That doesn't mean you should pour out a bag of Skittles at each meal. Try to eat foods of a variety of natural colors to gain antioxidants, said Dr. Amen.
Avoid These Fruits
Just because something is a fruit, doesn't mean you should chow down on it, according to Dr. Daniel Amen, author of "Use Your Brain To Change Your Age." For brain health, Dr. Amen recommends food with a low glycemic index -- which measures how quickly food increases blood sugar -- and a lot of fiber, which benefits your intestinal tract. Certain fruit like pineapple and watermelon have high glycemic indexes and should be avoided, advises Dr. Amen. Instead, incorporate fruits like blueberries, apples, oranges, cherries, kiwi, strawberries and raspberries. When it comes to fiber, consider adding coconut to your diet. <em>Correction: In a previous version of this slide, "blood pressure" was incorrectly inserted where "blood sugar" is.</em>
You Need Fat
Don't eliminate all of the fat in your diet. Instead, focus on incorporating good fats. In fact, if your cholesterol drops too low, you may be at greater risk for depression, according to Amen <a href="http://www.psychologytoday.com/blog/the-breakthrough-depression-solution/201106/low-cholesterol-and-its-psychological-effects" target="_hplink"> and several studies on low cholesterol</a>. So what exactly are "good fats"? Dr. Amen advises people to eat foods rich in omega-3s to promote brain health, including almonds, walnuts, brazil nuts, fish, lamb, avocados and green leafy vegetables. Another added benefit of eating good fats? "Your vitamins are actually absorbed better when you eat them with a little bit of fat," said Dr. Amen.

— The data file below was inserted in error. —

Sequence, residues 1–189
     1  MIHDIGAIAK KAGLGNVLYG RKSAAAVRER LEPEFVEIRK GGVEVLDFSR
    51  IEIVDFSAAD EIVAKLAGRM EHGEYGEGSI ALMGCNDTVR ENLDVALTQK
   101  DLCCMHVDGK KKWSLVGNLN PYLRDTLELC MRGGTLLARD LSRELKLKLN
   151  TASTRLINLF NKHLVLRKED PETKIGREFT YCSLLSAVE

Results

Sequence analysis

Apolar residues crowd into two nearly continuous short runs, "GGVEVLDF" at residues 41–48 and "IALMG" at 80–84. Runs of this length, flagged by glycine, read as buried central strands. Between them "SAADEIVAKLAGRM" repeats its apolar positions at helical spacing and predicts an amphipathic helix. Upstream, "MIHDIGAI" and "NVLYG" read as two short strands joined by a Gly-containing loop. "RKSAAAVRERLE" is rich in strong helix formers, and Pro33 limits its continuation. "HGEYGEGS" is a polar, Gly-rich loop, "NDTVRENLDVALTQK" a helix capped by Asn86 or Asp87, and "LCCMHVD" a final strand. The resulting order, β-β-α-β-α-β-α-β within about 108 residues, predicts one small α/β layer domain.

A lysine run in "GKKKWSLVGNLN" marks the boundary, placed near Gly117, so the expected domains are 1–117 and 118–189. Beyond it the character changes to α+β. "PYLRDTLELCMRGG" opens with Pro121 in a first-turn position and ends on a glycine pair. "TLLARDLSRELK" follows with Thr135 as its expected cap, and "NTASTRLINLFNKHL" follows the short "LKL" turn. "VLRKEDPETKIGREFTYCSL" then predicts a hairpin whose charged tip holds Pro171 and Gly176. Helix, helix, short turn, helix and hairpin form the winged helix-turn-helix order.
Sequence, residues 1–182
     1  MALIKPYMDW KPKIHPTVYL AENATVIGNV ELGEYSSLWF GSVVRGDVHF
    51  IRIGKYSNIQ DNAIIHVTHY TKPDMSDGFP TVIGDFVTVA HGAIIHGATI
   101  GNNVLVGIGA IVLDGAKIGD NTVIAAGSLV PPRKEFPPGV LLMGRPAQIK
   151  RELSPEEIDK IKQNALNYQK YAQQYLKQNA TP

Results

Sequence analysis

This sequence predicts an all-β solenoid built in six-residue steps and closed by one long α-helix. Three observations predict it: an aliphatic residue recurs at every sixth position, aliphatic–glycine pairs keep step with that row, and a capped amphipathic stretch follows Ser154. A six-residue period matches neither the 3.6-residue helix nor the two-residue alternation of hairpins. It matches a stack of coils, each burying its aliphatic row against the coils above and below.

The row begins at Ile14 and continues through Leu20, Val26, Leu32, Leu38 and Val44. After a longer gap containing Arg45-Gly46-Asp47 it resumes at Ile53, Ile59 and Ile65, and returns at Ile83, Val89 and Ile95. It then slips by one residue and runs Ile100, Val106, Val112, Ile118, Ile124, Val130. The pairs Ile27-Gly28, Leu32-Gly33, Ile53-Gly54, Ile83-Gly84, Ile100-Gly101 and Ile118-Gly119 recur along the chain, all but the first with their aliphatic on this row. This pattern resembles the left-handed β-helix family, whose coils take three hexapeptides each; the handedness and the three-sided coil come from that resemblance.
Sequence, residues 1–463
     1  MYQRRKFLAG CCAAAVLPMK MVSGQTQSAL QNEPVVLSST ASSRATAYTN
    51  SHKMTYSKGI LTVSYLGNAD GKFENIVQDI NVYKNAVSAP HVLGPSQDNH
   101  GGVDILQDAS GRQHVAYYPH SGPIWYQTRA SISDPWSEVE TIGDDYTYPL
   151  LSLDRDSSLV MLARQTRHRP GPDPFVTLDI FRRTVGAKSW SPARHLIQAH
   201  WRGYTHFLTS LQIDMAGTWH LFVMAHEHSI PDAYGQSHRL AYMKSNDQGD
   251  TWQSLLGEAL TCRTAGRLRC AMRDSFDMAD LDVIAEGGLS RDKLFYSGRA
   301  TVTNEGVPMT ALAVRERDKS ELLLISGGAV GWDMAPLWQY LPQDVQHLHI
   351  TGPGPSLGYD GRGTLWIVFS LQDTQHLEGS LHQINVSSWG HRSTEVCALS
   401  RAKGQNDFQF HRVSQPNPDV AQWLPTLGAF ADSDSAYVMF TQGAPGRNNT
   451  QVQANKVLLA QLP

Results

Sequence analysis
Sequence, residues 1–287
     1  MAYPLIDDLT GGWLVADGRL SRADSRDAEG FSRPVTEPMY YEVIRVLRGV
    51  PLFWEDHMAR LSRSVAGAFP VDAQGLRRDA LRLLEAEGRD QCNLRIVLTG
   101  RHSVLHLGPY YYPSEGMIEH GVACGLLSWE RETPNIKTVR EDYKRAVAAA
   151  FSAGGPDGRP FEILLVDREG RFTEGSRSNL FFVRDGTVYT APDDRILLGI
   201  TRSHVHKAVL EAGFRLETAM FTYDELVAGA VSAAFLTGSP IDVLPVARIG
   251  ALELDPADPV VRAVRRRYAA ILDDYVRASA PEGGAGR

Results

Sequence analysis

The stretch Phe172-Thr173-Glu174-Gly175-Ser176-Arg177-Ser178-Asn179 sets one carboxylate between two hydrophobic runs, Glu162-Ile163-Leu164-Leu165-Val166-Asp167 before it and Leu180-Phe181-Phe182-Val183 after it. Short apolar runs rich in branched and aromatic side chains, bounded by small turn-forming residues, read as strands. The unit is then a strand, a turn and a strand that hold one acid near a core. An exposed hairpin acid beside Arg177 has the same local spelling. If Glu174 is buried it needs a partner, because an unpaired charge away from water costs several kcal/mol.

Choose Your Meat Wisely
While you generally want to avoid bad fats, if you choose to eat steak, "you want to go with grass-fed, hormone-free, free-range meats" rather than grain-fed meats, said Dr. Amen. "When you feed the animals the high-glycemic foods, they actually produce less of the good fat and more of the bad fat. So they're not as good for you." In other words, what your food eats affects your health too, according to Dr. Amen. <em>Photo courtesy of <a href="http://www.flickr.com/photos/mdid/" target="_hplink">mdid</a></em>